Archive for August, 2008
Great moments in painting – the addictive kind – are when you completely lose yourself in the work and time is non-existent. I’ve had a good week with this one, partly because of struggles overcoming the habit of trying to control the outcome. Things happen in every painting that are not planned, and the endless choices are part of the fun.
At this phase some solid strokes need softening again; finding a balance between the two. The lighting is the biggest challenge so far, plus making a subtle transition in style from top to bottom and foreground to back that will bring our attention back to the top half of the painting. Now, how do I go about doing that I wondered, I only have a hunch. After adding mid-tones a couple of days ago there were second thoughts about doing so, because the whole painting became dull and flat, entirely not what I wanted it to be. Briefly discouraged, I thought this painting would join the I-don’t-know-what to-do-next pile. When unsure I look for answers in the very basics, like concentrating on what I do know for sure, rather than what I don’t.
I do know for sure want the glow of magic, so yesterday took a leap into the darkness with pure colors straight from the tube. There’s a huge sense of freedom trying something out – and ironically the more afraid you are the better it is. It’s the intermittent periods of doubt that spur determination to conquer issues and at the same time entice you to quit!
Painting is considered to be a two dimensional undertaking, but it’s so much more. While lost in the work process we explore all the dimensions of the subject plus the deeper dimensions of ourselves. While painting we discover our convictions and the means to ask how far are we willing to go to stand up for them. Work every day is about continually reevaluating decisions, taking responsibility for choices made, being honest about mistakes, shortcomings and limitations of media and self, and digging deep to find technical and intuitive solutions. It’s about control of all those elements combined with easing up on trying to control too much. All this and more translates onto a flat surface as we hope to give the illusion of depth…if that isn’t magic I don’t know what is!
Post-dated Note: When choosing this totem pole that is erected in Thunderbird Park at the RBC Museum in Victoria I didn’t realize that it’s the same one that Emily Carr painted in 1928. More magic! Here is a link to more information about this totem, the Gitxsan Pole moved from Gitanyow (formerly Kitwankool) B.C. Also on the July 24th post
Started July 17th, I’ve tried various ways to have our eyes sweep up to the top half, like creating an abstract of wide brushstrokes of dark and light, plus scrubbing areas away that almost hide the bottom characters. It’s covered up since with more paint, but I may return to that idea when the proportions are corrected.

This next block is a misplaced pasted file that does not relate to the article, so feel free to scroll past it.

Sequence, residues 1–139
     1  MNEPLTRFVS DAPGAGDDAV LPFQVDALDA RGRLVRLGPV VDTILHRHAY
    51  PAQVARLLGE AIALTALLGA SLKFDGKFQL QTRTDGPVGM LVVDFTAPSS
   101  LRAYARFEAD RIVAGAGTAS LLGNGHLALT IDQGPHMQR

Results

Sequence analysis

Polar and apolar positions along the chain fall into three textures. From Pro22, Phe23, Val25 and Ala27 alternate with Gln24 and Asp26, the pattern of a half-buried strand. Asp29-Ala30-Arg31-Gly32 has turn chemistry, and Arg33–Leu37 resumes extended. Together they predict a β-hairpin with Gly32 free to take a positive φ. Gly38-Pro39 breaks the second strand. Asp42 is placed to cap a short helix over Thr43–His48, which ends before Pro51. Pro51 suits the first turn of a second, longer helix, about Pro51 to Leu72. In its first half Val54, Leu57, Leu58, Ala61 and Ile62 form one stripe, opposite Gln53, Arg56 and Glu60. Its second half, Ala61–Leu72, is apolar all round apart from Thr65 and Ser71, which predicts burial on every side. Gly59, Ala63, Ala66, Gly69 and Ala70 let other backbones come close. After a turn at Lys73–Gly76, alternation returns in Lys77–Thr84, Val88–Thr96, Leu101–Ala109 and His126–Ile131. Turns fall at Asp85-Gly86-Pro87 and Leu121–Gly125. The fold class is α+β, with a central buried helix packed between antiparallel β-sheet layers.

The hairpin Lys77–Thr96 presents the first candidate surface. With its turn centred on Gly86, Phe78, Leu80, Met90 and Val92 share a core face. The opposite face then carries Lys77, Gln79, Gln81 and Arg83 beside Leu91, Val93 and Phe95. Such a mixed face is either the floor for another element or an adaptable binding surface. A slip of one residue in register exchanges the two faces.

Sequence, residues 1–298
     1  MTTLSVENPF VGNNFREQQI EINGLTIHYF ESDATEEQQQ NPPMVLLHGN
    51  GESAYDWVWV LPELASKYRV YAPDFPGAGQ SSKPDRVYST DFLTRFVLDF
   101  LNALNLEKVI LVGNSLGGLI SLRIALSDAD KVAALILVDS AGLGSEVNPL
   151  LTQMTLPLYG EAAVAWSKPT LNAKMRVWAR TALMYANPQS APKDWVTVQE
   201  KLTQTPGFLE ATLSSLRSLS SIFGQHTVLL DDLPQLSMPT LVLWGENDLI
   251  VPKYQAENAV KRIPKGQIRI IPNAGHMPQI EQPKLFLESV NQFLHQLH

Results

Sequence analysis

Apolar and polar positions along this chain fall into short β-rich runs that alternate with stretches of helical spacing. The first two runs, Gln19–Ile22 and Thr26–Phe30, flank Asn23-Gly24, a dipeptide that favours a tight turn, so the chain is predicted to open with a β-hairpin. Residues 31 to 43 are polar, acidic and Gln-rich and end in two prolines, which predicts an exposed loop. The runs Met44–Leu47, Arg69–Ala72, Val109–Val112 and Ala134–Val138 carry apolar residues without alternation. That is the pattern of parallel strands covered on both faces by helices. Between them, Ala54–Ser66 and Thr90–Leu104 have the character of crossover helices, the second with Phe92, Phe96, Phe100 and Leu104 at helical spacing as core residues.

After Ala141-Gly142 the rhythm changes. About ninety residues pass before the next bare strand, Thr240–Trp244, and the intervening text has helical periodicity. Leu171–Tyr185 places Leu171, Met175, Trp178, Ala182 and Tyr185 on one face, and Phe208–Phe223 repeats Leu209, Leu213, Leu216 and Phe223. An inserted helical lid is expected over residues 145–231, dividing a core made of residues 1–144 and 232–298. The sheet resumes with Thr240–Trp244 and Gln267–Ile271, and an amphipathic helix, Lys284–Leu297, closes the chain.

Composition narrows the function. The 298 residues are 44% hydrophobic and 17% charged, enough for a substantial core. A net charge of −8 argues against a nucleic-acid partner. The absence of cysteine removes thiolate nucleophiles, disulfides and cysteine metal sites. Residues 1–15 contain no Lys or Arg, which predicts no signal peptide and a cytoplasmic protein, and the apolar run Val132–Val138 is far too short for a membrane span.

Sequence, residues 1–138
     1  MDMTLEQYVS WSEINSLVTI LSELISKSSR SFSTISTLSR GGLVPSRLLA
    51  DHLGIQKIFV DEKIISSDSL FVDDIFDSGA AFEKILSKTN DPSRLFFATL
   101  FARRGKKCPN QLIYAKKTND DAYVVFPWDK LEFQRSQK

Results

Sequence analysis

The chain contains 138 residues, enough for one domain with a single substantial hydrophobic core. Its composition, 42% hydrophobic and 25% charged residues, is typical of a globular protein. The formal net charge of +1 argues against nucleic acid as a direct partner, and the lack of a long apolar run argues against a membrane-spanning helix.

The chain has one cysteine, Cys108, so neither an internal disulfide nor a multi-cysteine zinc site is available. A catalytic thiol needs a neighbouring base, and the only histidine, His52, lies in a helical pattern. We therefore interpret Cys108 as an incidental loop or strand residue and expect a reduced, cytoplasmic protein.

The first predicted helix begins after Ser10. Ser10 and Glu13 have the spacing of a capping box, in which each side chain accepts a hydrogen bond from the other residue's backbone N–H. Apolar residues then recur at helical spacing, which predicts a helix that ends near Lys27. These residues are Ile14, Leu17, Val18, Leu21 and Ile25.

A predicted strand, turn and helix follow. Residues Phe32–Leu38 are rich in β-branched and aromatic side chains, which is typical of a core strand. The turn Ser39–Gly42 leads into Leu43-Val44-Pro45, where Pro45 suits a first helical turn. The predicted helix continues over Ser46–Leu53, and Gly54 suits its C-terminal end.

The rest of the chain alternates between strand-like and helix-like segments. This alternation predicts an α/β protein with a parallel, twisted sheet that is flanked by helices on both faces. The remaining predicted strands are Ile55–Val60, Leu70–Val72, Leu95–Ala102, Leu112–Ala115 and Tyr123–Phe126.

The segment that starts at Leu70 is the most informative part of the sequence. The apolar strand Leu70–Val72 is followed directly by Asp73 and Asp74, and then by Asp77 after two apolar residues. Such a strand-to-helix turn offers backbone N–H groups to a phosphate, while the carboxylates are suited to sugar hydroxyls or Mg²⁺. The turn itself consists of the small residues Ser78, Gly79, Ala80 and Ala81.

A camera captures all the details, but when we look at something our eyes focus only on one area at a time. In a photo, with the bottom portion of the totem clear it makes sense, but not in the painting. Most of the detail will be toward the top of the statue, but the bottom deserves as much attention, just of a different kind. The colors are starting to come together in a way that will imply light from the sunset and moon glow coming from opposite directions.
A word here about Artists’ appropriation of First nations or any other cultural/historic works: subjects are painted with due honor and respect, with purpose to study and draw interest to the importance of appreciating our multi-cultural world and the unique characteristics of each and every culture…this is what Artists do. Our differences as cultures are reconnected, as there are many common traits and themes expressed through Art through all of time, everywhere.
Robert Genn and readers of The Painters’ Keys have some very interesting comments all around the board about this topic.
Magic Hour detail image, top half of 60 x 40 x 3 inches Acrylics on canvas. I decided not to lighten the background after all — am leaving the background as is with loose brushwork in contrast to the totem pole which will be much clearer. To achieve the weathered look I’m using a dishwashing scratch pad to remove some of the paint. Work in progress.
Alain built a birdhouse during Spring hoping to start a bird-cam, but no luck until today when these little wrens moved in. We’re really excited to get the bird-cam working and hopefully watch them raise their family. According to the Peterson Field Guide they look like Carolina Wrens..or they could be Rock Wrens…does anyone know for sure?